Of course, there are downsides: ingress and egress can be a bit of a squeeze, and that’s only after you manage to swing open the CC’s giant door (which weighs approximately the same as a Versa) and unclip the front shoulder belt from its leather strap (why no seat-integrated front belts on those unique seats seats?). And like any drop-top rear seat, things get a bit windy back there at speed, especially since Nissan preferred to keep the CC’s lines clean rather than adding any wind mitigation screens or baffles. Luckily the rising beltline keeps rear passengers well-cocooned, and the fresh air is not unpleasantly buffeting (although the rear belts will batter against the seats at speed).
And though the rear seats offer Crossover-like comfort for four people, the Murano loses much of its cargo-carrying utility along with its top. Golf clubs for the foursome will fit back there, but overnight gear for four will be a bit of a squeeze. More luggage fits in with the top up, but you must first re-position a bar in the trunk, and then move it back when you want the top back down. Though it sounds inconvenient, this isn’t a huge hassle because you can’t raise or lower the CC’s top on the go anyway.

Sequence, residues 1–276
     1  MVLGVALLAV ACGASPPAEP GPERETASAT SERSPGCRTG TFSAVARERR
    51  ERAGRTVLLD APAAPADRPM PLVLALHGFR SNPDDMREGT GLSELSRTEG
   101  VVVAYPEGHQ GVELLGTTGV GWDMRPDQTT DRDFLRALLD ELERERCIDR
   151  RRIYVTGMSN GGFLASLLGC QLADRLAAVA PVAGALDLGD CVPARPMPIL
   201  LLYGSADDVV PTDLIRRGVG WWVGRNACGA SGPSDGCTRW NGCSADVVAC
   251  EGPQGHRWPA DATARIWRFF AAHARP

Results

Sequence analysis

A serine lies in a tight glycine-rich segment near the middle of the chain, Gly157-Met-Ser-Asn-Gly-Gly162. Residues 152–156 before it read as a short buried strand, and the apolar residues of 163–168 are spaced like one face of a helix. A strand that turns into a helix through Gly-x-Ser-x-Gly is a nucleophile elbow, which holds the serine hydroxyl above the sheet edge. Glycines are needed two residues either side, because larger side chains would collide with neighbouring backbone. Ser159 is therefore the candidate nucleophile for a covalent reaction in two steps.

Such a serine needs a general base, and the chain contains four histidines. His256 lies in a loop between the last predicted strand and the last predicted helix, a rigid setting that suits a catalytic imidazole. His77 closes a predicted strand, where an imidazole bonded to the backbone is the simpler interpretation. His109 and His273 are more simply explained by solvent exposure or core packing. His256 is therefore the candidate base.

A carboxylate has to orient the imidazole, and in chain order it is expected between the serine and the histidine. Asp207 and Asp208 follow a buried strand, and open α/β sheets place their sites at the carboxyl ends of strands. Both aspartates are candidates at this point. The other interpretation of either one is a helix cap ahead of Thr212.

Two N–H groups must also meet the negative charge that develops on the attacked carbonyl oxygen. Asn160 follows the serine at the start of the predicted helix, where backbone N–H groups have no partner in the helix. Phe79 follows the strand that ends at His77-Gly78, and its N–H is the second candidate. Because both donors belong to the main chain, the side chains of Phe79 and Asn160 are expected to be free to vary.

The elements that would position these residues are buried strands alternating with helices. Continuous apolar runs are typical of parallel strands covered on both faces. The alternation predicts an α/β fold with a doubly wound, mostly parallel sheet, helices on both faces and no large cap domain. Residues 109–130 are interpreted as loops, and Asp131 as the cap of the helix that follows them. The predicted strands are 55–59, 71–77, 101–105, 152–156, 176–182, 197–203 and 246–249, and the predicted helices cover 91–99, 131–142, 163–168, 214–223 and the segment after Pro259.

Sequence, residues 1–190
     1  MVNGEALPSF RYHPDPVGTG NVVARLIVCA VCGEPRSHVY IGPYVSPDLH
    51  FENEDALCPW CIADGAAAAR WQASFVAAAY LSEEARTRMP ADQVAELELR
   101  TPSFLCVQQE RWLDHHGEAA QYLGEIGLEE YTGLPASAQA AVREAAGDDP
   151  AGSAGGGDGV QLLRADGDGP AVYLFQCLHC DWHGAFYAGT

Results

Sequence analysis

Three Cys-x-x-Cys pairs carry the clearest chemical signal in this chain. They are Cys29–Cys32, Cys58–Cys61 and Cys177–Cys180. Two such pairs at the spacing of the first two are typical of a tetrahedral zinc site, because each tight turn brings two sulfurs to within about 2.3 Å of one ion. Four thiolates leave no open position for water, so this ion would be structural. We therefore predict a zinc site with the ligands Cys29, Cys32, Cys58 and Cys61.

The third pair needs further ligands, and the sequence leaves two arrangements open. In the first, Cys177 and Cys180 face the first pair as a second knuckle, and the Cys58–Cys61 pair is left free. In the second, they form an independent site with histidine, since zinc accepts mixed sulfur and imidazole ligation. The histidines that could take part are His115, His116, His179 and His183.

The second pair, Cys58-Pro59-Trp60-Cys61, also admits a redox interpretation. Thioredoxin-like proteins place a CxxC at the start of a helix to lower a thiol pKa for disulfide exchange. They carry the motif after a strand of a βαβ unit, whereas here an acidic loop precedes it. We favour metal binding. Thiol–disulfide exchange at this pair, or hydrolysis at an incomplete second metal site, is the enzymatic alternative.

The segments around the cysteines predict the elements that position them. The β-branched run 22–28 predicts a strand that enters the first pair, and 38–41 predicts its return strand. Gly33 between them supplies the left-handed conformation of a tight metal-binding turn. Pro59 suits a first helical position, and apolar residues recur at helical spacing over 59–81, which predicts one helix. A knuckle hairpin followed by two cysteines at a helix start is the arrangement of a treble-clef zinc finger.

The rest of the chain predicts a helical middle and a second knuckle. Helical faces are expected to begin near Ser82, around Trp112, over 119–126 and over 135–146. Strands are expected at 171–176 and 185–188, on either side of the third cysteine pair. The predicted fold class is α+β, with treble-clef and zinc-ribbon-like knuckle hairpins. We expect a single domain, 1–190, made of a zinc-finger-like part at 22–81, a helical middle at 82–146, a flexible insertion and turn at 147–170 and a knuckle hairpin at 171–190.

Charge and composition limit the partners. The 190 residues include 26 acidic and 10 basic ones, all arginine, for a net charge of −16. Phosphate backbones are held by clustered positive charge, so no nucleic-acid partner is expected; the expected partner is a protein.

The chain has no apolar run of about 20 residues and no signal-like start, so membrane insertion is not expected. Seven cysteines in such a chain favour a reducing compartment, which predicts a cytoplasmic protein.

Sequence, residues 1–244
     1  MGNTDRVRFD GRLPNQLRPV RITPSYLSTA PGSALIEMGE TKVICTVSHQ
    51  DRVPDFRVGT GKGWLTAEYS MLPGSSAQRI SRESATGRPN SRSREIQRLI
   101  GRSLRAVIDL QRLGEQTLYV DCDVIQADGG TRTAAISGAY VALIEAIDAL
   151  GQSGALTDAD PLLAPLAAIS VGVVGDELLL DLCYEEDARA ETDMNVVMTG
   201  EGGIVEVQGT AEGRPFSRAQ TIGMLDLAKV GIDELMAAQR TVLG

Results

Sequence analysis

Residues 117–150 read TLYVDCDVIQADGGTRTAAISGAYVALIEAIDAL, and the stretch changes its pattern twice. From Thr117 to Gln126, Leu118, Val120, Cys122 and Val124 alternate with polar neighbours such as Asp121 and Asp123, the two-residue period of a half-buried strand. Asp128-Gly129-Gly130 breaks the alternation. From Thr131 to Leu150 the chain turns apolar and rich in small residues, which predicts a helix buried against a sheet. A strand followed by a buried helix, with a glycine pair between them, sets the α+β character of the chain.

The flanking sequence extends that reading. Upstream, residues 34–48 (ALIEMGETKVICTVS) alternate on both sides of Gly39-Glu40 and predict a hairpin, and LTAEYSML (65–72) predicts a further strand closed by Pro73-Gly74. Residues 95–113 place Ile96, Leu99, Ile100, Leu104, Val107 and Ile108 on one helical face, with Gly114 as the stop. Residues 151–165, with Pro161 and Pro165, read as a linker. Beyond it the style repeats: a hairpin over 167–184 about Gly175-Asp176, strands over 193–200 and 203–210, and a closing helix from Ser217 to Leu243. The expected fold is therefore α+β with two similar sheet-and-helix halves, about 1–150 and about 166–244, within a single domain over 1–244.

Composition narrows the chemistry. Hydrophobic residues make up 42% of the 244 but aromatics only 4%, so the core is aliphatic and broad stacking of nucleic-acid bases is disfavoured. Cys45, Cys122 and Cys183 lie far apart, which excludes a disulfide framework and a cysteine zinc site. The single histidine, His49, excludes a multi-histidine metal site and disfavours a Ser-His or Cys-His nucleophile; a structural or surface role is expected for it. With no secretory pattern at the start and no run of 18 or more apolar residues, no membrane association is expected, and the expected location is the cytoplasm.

So, how does it drive? Well, for the surprising amount of sense the Murano CC makes as a value-poseur-mobile, Murano halo or four-up cabrio, on the road the CC falls apart under the weight of its many contradictions. The 265 HP version of Nissan’s ubiquitous V6 works hard to motivate the nearly-4,500-lb CC, calling on some the distinctly un-luxurious areas of the rev-band with frequency. The continuously-variable transmission helps smooth out what might be an otherwise undignified drivetrain (it’s especially intuitive at low speeds), but there’s no sense of effortless pace or power reserves.